Oh bees, I love you but sometimes I want to throw my equipment off the roof and never try and figure out what’s going on ever again.
This is my first season being the hands-on beekeeper of our tiny apiary of two hives. Thankfully it isn’t just me, but another person in my building is taking this on with me – which leads to epic text conversations about equipment and plans of action. He is patient, which I am grateful for, because that is not one of my virtues.
There are the amazing things: the glorious smell of the beekeeping shed redolent with wax and honey, watching a bee chew its way out of its cell and greet the world for the first time, witnessing a waggle dance on a frame you are holding in your hands, tasting bee-warmed honey straight from the frame, seeing 3,000 bees look up at you when you open the inner cover, discovering your apple tree groaning with fruit. All of these things are incredible.
The not so incredible: the stings you will get, the sicknesses your bees will get, the times you don’t catch a problem and events spiral out of control before you’re able to help, the vagaries and mysteries of why colonies do what they do, the agonizing indecision of how to best help these little creatures you share space with.
Because it becomes apparent quite early on that you are more of a shepherd and less of an owner. These bees are going to do their thing, either in your pretty little wooden boxes or somewhere else. This first year it feels like a scramble to stay in front of their needs while we learn the rhythms of the beekeeping year.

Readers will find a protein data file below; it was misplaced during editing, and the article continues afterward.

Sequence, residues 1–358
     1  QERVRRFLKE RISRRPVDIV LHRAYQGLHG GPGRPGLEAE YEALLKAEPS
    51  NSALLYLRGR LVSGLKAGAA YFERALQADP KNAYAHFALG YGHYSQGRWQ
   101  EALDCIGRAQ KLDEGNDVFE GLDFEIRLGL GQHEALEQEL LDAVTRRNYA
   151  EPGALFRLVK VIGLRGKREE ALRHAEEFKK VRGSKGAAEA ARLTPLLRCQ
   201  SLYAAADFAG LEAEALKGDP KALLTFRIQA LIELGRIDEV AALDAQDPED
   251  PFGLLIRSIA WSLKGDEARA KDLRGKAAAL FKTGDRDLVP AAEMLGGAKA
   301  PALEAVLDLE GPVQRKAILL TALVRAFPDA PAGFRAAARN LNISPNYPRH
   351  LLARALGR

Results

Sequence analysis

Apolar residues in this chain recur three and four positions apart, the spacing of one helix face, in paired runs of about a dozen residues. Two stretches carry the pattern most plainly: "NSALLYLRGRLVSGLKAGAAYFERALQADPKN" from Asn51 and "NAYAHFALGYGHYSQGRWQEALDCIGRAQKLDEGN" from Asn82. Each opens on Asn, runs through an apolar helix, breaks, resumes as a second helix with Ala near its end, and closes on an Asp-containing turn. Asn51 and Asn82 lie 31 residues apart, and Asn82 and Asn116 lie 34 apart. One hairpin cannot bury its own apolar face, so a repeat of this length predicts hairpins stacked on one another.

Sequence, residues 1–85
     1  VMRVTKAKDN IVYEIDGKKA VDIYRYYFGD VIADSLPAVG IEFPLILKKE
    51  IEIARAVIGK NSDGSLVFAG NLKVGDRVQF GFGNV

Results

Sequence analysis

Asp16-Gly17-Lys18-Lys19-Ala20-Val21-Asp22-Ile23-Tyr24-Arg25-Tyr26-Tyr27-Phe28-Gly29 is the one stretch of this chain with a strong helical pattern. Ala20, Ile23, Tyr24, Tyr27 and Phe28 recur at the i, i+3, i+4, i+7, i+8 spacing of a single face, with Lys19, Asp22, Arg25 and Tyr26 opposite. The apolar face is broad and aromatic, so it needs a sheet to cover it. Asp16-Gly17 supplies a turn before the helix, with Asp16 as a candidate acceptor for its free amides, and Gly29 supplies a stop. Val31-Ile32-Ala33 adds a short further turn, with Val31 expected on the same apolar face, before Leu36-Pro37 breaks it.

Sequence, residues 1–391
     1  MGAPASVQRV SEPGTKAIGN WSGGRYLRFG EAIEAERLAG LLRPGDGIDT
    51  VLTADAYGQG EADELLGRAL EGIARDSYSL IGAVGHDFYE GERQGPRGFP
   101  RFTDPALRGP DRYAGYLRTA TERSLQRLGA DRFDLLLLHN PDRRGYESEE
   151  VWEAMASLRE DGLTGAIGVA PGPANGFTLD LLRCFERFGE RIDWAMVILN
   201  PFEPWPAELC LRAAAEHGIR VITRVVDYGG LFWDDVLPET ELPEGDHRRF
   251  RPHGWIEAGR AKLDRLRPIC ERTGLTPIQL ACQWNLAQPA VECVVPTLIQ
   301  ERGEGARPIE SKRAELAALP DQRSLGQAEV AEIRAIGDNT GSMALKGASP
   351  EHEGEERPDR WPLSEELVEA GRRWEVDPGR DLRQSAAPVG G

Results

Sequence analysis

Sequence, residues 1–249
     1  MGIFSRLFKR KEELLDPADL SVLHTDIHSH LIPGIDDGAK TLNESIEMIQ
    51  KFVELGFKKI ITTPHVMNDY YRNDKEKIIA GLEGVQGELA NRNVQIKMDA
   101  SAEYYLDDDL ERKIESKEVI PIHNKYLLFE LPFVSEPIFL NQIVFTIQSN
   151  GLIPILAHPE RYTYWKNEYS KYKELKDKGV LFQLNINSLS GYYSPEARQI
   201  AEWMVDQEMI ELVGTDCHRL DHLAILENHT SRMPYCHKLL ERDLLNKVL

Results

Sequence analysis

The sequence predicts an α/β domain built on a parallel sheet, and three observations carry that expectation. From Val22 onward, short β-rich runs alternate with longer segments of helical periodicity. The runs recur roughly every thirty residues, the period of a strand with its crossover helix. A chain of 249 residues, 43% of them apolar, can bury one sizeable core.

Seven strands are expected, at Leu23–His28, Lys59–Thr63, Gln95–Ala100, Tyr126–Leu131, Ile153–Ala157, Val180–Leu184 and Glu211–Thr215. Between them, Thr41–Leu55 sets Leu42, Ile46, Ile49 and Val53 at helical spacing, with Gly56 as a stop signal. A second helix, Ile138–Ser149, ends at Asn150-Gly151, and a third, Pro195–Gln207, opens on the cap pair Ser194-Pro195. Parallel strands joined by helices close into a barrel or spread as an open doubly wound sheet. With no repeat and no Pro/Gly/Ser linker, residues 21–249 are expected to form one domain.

Still, one of the best things in the world is sharing with visitors a jar from your 60,000 neighbours on the roof. As long as you take them up to say thank you, of course.
I like telling people about our orchard, the 42 fruit trees in our rooftop garden, and watching their eyes go wide.
Well yes, but they are on dwarf root stock, so they grow in pots.
We partnered with TreeCity/TreeKeepers to procure our trees, pots and soil. One Saturday morning, a large group of us moved our trees from the basement to the roof, and planted all of them in pots. We have figs, pears, apples and crabapples spread out throughout our garden.
It will be a couple of years before they produce fruit, at the very earliest, but in the meantime the bees will be very pleased with the flowers.
It’s funny, in the past few weeks, a duck has nested in our garden, and then we waddled down five flights of stairs to the ground and walked a block to the pond in the park. We’ve planted fruit trees, started some of our spring crops, worked with our bees to make sure they’re set up for the spring nectar flows – you would never know we are deep in the city.
The pot with the string running to the roof in the first photo is actually hops, we have some keen microbrewers in our co-op.